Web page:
Recently-emerged data reveals a surprising fact about the Black Death, the epidemic which killed approximately 50 million people in the 14th century. While many historians and medical scientists believed that rats were the primary cause of plague throughout Europe, the new study reveals that this may not be the case.
Black Death Spread by Humans, Study Claims
Published in the Proceedings of the National Academy of Science, this study brought together scientists from the universities of Oslo and Ferrara. Acting on the assumption that rats were the primary spreading vector of the Yersinia pestis bacterium, the scientists reconstructed a contagion dissemination computer model.
For comparison, the team of scientists used human and airborne transmission vectors. After running the numbers, to their bewilderment, the researchers discovered that the rats-based rate of spreading was not consistent with the historical records.
Subsequently, the airborne model returned the same results as the rodent-based on. After analyzing the data on human transmission, the scientists realized that the rate of spread was consistent with the facts.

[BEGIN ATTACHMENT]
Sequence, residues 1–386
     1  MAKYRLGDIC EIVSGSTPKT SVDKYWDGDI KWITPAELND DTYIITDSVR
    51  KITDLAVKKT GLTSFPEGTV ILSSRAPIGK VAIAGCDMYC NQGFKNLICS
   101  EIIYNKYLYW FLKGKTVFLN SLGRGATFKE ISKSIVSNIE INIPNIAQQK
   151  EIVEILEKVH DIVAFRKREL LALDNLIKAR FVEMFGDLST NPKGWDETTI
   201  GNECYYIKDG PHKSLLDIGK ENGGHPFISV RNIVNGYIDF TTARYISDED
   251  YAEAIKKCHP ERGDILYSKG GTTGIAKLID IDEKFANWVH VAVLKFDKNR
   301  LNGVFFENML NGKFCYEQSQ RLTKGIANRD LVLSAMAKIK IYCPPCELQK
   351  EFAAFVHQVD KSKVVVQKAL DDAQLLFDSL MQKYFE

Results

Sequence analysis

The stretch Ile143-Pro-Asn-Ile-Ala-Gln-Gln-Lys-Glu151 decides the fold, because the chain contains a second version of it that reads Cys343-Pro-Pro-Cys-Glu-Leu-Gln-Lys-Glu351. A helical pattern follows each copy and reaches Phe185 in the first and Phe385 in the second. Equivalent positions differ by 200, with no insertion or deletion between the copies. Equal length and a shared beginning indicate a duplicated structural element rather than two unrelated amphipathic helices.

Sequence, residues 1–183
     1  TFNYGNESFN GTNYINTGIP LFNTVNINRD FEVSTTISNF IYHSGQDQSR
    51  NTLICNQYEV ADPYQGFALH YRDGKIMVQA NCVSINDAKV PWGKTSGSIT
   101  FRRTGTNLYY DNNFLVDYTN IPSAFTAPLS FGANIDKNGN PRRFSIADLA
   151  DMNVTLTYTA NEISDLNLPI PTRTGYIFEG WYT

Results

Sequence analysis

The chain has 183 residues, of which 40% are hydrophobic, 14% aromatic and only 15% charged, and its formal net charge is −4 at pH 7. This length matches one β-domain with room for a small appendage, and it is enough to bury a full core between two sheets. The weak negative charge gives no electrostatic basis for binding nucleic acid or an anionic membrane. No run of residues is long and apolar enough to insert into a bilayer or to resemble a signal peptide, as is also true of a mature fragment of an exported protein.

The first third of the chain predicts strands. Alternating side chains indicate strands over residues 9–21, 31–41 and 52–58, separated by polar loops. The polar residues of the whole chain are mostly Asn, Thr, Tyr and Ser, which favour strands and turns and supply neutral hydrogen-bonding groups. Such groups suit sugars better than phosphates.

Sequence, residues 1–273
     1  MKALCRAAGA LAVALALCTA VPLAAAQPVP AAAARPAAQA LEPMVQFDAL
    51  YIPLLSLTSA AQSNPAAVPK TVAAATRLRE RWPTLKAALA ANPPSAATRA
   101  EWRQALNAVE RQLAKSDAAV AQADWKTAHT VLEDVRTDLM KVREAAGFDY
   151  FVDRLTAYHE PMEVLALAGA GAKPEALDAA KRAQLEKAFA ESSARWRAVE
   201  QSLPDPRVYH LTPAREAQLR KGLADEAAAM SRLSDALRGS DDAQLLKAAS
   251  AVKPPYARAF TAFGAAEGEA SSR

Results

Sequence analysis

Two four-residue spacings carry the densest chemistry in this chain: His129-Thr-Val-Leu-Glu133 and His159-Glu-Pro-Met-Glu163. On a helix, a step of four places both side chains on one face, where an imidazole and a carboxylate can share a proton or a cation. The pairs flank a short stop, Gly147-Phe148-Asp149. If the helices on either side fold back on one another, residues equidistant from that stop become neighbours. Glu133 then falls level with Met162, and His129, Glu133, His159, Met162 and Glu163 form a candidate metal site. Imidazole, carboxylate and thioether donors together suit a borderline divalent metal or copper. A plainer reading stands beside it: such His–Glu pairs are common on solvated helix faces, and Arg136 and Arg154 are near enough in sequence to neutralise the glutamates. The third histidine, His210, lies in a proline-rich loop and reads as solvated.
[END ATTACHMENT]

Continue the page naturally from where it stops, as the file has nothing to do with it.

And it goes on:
Further research revealed that the real perpetrators behind the Black Death were not the rats but the ectoparasites found on the human body. The scientists discovered that human fleas and lice were more likely to carry around and disseminate the Yersinia pestis bacterium compared to rats.
One of the scientists declared that:
While it is commonly assumed that rats and their fleas spread plague during the Second Pandemic, there is little historical and archaeological support for such a claim.
Even though the newly-discovered Black Death data might be more consistent with what we know so far about the contagion, there are still many questions left unanswered. However, in time, maybe all the little dents lefts behind by the deadliest epidemic the world has experience will be filled.
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